The endangered Painted Hunting Dog or African Wild Dog once numbered as many as 500,000 individuals but human population growth has shrunk that number to only about 3,000. Almost unheard of among social mammals, the Painted Hunting Dog's social structure is a submission-based hierarchy, meaning whoever begs the most gets the most food instead of whomever is most aggressive.
These nine pups were born just days ago at the Pittsburgh Zoo but sadly the mother died shortly thereafter. Luckily a surrogate mixed breed dog was found who was happy to step-in.
Note that the video has no sound
ORPHANED AFRICAN PAINTED DOG PUPPIES FIND NEW MOM
(Pittsburgh) (November, 2009)—A domestic mixed-breed dog is acting as a surrogate mom for nine African painted dog pups after their mother died just a few days following their birth. “Vega, our 10-year-old female African painted dog, gave birth to a litter of pups last Sunday. As a first-time mom she was doing very well,” says Dr. Barbara Baker, president and CEO of the Pittsburgh Zoo & PPG Aquarium. “The pups were nursing and Vega was very attentive to her brood.” On Wednesday, keepers noticed that Vega seemed lethargic and by 4 p.m. she stopped moving. “We are all very saddened by Vega’s death,” says Dr. Baker. “Our keepers develop close relationships with their animals and feel the loss very deeply.” A necropsy determined that Vega died from a ruptured uterus. Doctors also found that Vega retained one pup in her uterus, which may have contributed to the rupture.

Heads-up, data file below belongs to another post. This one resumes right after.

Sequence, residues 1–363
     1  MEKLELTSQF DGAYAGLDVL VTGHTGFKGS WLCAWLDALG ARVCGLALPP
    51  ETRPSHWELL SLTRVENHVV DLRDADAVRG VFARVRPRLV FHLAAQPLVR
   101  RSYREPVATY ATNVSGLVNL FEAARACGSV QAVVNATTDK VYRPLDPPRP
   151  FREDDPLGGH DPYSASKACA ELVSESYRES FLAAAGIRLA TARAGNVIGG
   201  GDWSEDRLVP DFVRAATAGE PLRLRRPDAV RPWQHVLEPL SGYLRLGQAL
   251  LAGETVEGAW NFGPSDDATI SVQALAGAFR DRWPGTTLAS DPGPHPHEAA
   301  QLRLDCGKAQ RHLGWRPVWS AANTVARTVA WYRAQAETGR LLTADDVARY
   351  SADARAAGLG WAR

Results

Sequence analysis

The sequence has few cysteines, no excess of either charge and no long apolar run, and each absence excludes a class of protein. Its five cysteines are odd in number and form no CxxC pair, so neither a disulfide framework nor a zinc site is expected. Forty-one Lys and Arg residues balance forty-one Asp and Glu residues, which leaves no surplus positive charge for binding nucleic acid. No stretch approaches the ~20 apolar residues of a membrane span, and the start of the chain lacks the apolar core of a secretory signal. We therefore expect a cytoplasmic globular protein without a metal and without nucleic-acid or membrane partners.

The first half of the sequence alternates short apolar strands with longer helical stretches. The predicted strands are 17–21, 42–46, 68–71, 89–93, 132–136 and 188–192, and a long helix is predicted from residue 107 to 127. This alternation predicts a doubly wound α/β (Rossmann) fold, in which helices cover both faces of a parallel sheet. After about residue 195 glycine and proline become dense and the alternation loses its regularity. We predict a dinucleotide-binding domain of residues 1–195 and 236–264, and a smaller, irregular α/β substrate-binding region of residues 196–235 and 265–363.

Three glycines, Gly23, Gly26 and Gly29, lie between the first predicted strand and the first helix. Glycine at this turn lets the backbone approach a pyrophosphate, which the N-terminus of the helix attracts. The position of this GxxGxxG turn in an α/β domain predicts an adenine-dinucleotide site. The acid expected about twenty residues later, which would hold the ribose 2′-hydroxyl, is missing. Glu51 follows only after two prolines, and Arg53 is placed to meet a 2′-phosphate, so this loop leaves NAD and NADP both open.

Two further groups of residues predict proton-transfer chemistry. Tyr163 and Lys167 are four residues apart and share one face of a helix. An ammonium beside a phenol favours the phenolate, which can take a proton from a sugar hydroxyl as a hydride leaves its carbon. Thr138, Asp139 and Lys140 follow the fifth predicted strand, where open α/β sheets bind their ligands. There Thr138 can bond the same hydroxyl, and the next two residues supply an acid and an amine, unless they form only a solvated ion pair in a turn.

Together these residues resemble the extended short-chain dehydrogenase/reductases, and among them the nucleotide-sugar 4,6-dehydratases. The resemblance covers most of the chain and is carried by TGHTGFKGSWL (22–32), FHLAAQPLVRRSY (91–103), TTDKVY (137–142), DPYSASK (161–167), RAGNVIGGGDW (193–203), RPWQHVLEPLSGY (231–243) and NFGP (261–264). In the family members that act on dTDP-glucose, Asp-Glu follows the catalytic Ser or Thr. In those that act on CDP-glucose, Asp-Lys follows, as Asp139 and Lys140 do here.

The mother’s death put the pups’ lives in great jeopardy. “The mortality rate for African painted dog pups is 50 percent, even with a healthy mother,” says Dr. Baker. “Our dilemma was whether to attempt to hand-raise the pups or to contact the local animal shelters to find a female dog that had just given birth and was nursing her pups.” The Zoo started a search for a surrogate mom and the Western Pennsylvania Humane Society had the perfect candidate – a mixed-breed named “Honey” who had delivered six pups several weeks earlier. Staffers had just started weaning Honey’s pups so she was still able to nurse.
Honey and the African painted dog pups took to each other almost immediately. There are nine pups, six males and three females. “Of course it is still a tentative situation and we are keeping a close watch, but so far everything seems to be good,” says Dr. Baker.
The Zoo has two male dogs-Draco and Puck. African painted dogs are endangered, with only 3,000 to 6,000 remaining in the wild. The Zoo is part of a conservation effort to protect these wonderful animals.